IA Bills Aims to End Public Design-Build Work
Iowa legislators have recently passed a bill in both houses that aims to provide an alternative delivery method for commercial and most public construction projects in the state. The approval arrived after several amendments were made to the legislation.
If signed by Governor Kim Reynolds, the state would adopt construction manager at-risk delivery and procurement and would also end the use of design-build on work at public universities.
Currently, Iowa and North Dakota are the only two states in the country that bar a design-build method for public projects. The statute requires that any construction project in the state involving public money must use a design-bid-build contract.
About the Bill
The legislation, Senate Bill 183, would open commercial construction and most public projects in the state to the construction manager at-risk delivery and procurement method. After several amendments, legislators have sent what they believe is “best for the project and the taxpayer” to the desk of Gov. Reynolds.
According to reports, there are major differences between the two methods. While construction manager at-risk is considered a traditional design-bid-build approach, the process leverages collaboration between architect and constructor used in design-build.
In addition to changing current delivery and procurement methods, the legislation also seeks to halt the use of design-build contracts on public university projects and prohibits government entities from using fee-based selection of an architect, landscape architect or engineer for a public improvement project. The bill also specifies that the approach would only affect vertical infrastructure and not highway work.
The bill is reportedly supported by the Iowa Associated General Contractors and the Master Builders of Iowa—both of whom have long-opposed design-build in the state.
“Currently, Iowa law does not authorize design-build procurement for any level of government," says Scott Newhard, AGC of Iowa's Vice President for Public Affairs. “The regents' institutions on their own decided to do design-build without legislative authority.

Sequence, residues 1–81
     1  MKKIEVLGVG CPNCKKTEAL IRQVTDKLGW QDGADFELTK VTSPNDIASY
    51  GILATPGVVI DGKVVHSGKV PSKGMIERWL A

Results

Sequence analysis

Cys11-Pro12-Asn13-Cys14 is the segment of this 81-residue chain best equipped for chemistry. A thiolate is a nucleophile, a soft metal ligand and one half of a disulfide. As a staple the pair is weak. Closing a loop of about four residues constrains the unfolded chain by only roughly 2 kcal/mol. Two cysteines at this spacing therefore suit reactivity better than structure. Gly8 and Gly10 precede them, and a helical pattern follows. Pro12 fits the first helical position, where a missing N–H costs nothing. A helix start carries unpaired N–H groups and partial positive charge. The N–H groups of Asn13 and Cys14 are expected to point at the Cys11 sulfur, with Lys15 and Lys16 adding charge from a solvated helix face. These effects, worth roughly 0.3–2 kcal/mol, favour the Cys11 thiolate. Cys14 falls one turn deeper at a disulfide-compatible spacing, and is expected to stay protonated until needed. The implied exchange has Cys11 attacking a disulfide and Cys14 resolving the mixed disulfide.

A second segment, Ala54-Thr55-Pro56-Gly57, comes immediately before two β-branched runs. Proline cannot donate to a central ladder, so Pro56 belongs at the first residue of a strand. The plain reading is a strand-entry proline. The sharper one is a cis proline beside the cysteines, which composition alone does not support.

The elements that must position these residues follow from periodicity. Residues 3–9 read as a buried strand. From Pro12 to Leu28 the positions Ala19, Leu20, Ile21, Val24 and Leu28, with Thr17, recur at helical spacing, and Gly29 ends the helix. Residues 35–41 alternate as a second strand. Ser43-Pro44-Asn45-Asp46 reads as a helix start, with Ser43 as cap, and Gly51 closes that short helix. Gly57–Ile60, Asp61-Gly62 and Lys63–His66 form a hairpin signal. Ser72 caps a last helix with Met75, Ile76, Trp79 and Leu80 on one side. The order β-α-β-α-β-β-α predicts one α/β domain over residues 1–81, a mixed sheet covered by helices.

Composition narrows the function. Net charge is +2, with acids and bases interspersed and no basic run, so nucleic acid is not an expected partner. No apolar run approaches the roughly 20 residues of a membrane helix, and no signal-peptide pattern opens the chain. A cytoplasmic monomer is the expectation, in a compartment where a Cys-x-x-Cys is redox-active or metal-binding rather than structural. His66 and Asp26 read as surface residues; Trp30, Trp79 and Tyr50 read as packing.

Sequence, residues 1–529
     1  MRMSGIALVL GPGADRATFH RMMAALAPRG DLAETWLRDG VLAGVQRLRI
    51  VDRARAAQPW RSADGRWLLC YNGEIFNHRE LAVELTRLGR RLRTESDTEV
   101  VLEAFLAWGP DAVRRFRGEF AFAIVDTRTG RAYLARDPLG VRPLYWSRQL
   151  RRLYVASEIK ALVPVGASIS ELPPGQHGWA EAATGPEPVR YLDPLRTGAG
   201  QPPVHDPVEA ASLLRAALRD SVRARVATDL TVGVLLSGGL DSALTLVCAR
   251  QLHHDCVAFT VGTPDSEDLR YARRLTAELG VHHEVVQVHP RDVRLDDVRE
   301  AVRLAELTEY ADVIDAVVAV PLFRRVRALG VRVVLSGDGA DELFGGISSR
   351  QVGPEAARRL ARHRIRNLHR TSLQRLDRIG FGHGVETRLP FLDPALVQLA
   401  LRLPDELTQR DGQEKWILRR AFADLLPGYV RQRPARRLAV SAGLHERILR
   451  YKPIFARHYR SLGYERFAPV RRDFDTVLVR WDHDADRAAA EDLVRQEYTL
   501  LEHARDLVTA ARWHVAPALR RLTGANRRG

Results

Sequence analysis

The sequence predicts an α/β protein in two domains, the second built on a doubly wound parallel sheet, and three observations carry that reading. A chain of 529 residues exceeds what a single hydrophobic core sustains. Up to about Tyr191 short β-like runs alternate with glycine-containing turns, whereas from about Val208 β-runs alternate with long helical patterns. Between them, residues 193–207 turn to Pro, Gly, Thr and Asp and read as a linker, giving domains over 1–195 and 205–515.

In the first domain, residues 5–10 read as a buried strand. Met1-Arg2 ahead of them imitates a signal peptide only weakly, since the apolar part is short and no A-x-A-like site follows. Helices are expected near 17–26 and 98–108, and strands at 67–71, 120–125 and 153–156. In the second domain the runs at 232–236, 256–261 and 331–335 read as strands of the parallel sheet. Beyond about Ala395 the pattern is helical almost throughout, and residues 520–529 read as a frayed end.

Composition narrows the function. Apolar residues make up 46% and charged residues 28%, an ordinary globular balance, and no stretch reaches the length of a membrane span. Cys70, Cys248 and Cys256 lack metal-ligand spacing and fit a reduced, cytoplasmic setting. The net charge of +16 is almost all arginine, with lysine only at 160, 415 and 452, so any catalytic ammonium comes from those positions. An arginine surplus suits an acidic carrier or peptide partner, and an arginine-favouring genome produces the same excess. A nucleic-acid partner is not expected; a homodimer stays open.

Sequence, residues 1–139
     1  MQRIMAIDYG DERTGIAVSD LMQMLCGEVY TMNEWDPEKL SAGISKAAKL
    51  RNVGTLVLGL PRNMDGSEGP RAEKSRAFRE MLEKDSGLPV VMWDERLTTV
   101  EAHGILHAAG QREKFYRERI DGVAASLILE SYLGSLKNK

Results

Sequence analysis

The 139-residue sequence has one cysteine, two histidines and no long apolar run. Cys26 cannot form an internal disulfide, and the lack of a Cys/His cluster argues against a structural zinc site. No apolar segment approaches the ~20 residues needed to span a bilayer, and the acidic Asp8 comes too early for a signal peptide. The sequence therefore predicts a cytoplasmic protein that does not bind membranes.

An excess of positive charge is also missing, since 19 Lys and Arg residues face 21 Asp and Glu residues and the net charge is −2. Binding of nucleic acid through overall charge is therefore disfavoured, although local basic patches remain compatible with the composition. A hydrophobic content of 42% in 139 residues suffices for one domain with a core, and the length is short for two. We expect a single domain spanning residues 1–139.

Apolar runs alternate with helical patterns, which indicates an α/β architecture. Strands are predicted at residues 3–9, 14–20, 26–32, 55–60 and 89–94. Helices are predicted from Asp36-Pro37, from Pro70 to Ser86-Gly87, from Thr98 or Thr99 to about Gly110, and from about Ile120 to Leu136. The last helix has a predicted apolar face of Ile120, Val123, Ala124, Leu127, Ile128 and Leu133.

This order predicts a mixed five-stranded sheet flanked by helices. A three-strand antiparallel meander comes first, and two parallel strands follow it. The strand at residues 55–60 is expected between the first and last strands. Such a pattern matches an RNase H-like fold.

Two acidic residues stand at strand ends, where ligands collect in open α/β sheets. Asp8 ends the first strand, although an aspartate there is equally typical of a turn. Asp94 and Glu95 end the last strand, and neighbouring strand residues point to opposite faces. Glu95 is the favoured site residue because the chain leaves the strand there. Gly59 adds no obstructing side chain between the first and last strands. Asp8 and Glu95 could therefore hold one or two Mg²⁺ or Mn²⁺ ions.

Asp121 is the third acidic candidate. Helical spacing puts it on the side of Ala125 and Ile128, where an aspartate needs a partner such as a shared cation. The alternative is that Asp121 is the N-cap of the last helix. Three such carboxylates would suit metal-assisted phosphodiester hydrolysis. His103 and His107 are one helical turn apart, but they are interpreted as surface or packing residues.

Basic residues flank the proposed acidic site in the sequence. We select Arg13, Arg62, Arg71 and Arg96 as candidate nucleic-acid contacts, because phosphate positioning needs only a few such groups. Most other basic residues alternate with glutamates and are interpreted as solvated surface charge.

“The legislature now has made it clear to the regents that they must stop this. If they wish to use CM at-risk as an alternative to design-bid-build, they may do so.”
Gov. Reynolds has not provided any comment on the matter and has 30 days from the end of the ongoing legislative session to act. If passed, the legislation would go into effect on July. 1.
Recent Design-Build Legislation
The Illinois House of Representatives recently approved legislation that would allow the Illinois Department of Transportation to streamline infrastructure projects. The Innovations for Transportation Infrastructure Act authorizes IDOT and the Tollway Authority to use a design-build method for highway construction projects to expedite processes.
Passed by the state’s Senate in February with bipartisan support, the bill was reportedly passed in the House on a unanimous vote and now goes to the governor to sign.
Previously, IDOT used a design-bid-build project delivery method where the department designs a plan in-house, then reviews bids from contractors. With the new process, a single entity would both design and start construction of the project.
According to Senate Bill 2981, projects using this method would be capped at a combined total of $400 million. Additionally, the Act authorizes IDOT and the Tollway to use the construction manager-general contractor delivery method on up to two projects per year.
Using this process, IDOT would contract with single entity to serve as the construction manager for the design phase, then agree on a price to serve as general contractor for construction. The bill also requires both agencies to ensure the full inclusion of minority- and women-owned businesses by creating a liaison for the Disadvantaged Business Enterprise Program.
Years earlier, former New York Gov. Andrew Cuomo ended 2019 with the signing of the New York City Public Work Investment Act, which authorized some city agencies to use the design-build method for projects.
The legislation authorizes some of the city’s entities—including the city’s Department of Transportation and Department of Design and Construction—to award design-build contracts. These will be operating under a project labor agreement, cost $10 million or more or are for the Department of Parks and Recreation that cost $1.2 million or more.
Other projects, such as renovations to cultural institutions and libraries and security improvements—of at least $1.2 million—can also utilize design-build.
While the law took effect immediately, each entity that has issued a design-build contract will have to submit an annual report that includes a description of the contract, the bidding process, costs, how much money was saved by using design-build and how much of the contract went to minority- and women-owned businesses.
At the time, there were nearly 50 projects lined up to use the method—saving at least $300 million. And the state already used the model for larger projects such as the $4 billion Mario M. Cuomo Bridge and the $1.5 billion expansion of the Jacob Davitz Convention Center.